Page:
How Big Do Chain Pickerel Get?


Chain pickerel, cousin to the northern pike and the other Esox most likely to get mistaken for their larger pike cousin, is a fairly popular game fish that is found in some of the same waters as pike and muskies but also has an extensive Southern range that makes it far more common than pike south of a certain point.

The average adult chain pickerel grows to around 24 inches in length and 3 lbs in weight. However, chain pickerel can get much larger as the world record for chain pickerel is 9 lbs 6 oz and there are multiple adult chain pickerel that reach over 30 inches in length.

Even though this makes it a smaller member of the Esox family, chain pickerel fight hard pound for pound. This gives them an enjoyable reputation among anglers who know when a pickerel hits the lure. That is a hard fight, and what so many of us go out to the water to experience.

chain pickerel in water

While they belong in the pike family, many anglers don’t know all that much about these smaller hard fighting cousins. So just how big is a big pickerel? How large can they grow?

We have the answers for you right here!

What Is the Chain Pickerel World Record?

The world record chain pickerel, or aka how big can the biggest chain pickerel get, is 9 lbs 6 oz and was caught in the state of Georgia. This makes sense as the largest pickerel are generally found in more southern climates versus northern waters.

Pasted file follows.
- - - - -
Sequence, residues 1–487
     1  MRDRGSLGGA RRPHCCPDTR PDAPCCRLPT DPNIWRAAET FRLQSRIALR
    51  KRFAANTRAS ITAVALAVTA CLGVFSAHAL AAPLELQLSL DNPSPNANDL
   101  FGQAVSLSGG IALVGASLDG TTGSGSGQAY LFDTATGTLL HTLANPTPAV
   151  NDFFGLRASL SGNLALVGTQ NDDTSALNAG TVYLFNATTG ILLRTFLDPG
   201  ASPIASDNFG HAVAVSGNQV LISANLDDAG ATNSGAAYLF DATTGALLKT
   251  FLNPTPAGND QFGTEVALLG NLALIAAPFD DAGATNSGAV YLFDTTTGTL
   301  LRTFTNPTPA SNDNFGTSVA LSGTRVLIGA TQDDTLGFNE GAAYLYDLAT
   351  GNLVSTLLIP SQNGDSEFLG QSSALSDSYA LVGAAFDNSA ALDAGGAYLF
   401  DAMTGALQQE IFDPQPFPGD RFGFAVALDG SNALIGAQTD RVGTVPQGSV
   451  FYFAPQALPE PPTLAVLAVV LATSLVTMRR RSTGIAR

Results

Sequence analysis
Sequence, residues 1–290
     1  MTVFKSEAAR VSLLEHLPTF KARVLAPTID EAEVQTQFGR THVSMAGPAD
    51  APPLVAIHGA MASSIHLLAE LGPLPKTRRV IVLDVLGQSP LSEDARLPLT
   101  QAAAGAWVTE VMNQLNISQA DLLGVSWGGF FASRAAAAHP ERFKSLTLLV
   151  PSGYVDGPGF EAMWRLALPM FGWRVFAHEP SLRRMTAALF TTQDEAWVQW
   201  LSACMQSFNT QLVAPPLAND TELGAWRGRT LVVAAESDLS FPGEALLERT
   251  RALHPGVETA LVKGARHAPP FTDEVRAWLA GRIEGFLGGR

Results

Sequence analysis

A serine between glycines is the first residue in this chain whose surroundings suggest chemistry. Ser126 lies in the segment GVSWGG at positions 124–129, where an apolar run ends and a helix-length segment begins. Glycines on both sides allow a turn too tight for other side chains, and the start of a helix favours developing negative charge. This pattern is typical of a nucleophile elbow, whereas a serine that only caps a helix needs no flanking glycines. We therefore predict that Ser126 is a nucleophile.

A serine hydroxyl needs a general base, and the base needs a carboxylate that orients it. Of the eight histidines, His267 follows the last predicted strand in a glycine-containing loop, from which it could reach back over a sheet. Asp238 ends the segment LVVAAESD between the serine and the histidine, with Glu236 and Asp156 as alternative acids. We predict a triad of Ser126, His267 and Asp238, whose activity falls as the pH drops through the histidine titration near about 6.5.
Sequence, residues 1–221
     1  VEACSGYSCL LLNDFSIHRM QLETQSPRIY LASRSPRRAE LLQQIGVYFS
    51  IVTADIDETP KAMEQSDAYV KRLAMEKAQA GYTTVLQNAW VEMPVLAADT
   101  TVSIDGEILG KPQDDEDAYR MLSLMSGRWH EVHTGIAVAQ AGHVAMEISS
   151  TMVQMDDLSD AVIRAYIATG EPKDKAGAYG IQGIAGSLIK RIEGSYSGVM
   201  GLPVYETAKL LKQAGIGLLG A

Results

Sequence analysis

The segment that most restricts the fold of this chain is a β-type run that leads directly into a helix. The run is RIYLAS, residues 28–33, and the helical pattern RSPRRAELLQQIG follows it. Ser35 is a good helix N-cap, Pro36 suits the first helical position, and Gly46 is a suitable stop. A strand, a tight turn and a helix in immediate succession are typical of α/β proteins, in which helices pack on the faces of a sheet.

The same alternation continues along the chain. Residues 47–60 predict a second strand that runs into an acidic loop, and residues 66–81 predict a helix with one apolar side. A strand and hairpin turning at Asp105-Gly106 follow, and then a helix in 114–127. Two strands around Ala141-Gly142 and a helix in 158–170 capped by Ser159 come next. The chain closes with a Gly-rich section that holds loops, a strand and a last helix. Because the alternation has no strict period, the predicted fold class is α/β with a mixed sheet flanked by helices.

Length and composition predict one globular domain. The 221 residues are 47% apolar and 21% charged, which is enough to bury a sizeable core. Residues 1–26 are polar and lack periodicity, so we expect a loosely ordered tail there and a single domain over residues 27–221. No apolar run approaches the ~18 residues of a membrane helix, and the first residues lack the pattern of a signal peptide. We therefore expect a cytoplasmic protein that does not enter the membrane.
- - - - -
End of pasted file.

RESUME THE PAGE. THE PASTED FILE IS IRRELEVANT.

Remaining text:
From northern waters there is a record in the state of New York of 8 lbs 1 oz. The shorter life span of the pickerel is what likely keeps them from reaching the same massive sizes that the northern pike and muskies, other members of the Esox family, can reach in much older age.

As mentioned in our article on how long do northern pike live, pike grow faster in the south because the waters are warmer but they also tend to live less. The biggest pike come from the northern waters because they can live for so much longer in colder water.

To a much lesser extent the same may apply to pickerel however since chain pickerel grow at a much slower rate than pike after a certain size and live less, they can never reach major sizes. Which is why you don’t see the big size differences in climates with this fish.

What’s the Average Size for Adult Chain Pickerel?

The average size for an adult chain pickerel is much smaller than the world records would indicate. And much smaller than many of the state records, as well.

An average adult pickerel, one that is five years old or older, is only 24 inches long on average but then maxes out at around 3 lbs in weight. At most, in many cases.

This is a pretty moderate sized fish by any sports angling standards, but an adult pickerel will give you a fun fight the same way a similar sized largemouth bass will. Some anglers will argue that the pickerel will give an even better fight than the bass at that size.

That’s a reasonable size to expect from a healthy local pickerel population.

Are Chain Pickerel Slow Growers?